Conn. School District Sued Over Megachurch Selection

Americans United for Separation of Church and State, the American Civil Liberties Union, and the ACLU of Connecticut have filed a lawsuit in federal court over a public school district's decision to hold this year's graduation ceremonies in a Christian megachurch.

The groups, which filed suit Wednesday on behalf of two Enfield High School seniors and three parents, are charging that the Enfield Public Schools' decision to hold their graduation ceremonies at First Cathedral in Bloomfield "excessively entangle[s]" the district with religion and is – for a number of reasons – in violation of the Establishment Clause of the Constitution.

"Public school students have a right to attend their graduation without feeling like they're taking part in a religious service," says the Rev. Barry W. Lynn, executive director of Americans United. "The use of a church for this important milestone is clearly inappropriate."

The American Center for Law and Justice, which is defending the district, however, insists that the use of First Cathedral, also known as the First Baptist Church of Hartford, does not constitute a violation of the Establishment Clause.

It says the main reason the Enfield School District chose to hold graduation at First Cathedral was financial. The church, ACLJ argues, is $8,000 to $40,000 cheaper than holding graduations at comparable facilities – a claim that AU rejects.

The Baptist megachurch also reportedly provides "the best amenities," including ample seating and parking, advanced audio visual capabilities and "general comfort for graduates and their families."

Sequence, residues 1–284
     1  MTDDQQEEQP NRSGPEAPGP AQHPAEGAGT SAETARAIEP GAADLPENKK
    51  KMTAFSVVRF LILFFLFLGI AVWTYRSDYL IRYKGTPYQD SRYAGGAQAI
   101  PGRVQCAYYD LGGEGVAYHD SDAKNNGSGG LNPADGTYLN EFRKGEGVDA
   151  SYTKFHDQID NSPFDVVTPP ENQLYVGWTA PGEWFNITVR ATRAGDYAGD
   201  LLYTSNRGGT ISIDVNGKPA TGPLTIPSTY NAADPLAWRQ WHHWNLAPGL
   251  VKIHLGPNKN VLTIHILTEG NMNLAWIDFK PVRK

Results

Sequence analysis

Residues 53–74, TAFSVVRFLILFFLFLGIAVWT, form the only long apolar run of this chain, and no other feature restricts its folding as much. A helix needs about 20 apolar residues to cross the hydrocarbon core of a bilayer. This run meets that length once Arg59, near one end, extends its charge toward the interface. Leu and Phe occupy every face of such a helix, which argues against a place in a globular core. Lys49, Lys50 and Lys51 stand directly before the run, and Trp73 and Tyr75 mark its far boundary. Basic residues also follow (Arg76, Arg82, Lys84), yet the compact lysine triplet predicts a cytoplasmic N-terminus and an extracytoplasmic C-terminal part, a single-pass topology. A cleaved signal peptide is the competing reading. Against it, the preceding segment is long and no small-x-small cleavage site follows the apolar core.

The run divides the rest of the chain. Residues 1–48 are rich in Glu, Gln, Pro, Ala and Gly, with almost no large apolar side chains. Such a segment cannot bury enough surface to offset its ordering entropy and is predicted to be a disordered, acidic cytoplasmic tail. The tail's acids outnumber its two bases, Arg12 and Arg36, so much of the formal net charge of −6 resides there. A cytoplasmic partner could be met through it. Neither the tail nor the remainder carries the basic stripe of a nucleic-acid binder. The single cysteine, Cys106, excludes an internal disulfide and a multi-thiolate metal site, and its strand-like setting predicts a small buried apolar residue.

Furthermore, student support for the cathedral venue was found to be very strong. Student Board of Education representatives from both Enfield and Fermi High School stated that, after polling their fellow classmates, the vast majority wanted graduation to be held at the church. Also, students at both high schools signed a petition in support of the church venue.

"The law in this area is clear and well established and the United States Supreme Court has decided numerous cases involving public schools and the Establishment Clause," says ACLJ Senior Counsel Vince McCarthy, representing the school district. "Once again, those seeking to marginalize religion in America have turned the clearly secular use of a religious building into needless litigation."

According to the Establishment Clause of the U.S. Constitution's First Amendment, "Congress shall make no law respecting an establishment of religion." The prohibition, through the Due Process Clause of the U.S. Constitution's Fourteenth Amendment, applies to the official acts of local governmental entities, including public schools.

The case is Does v. Enfield Public Schools.

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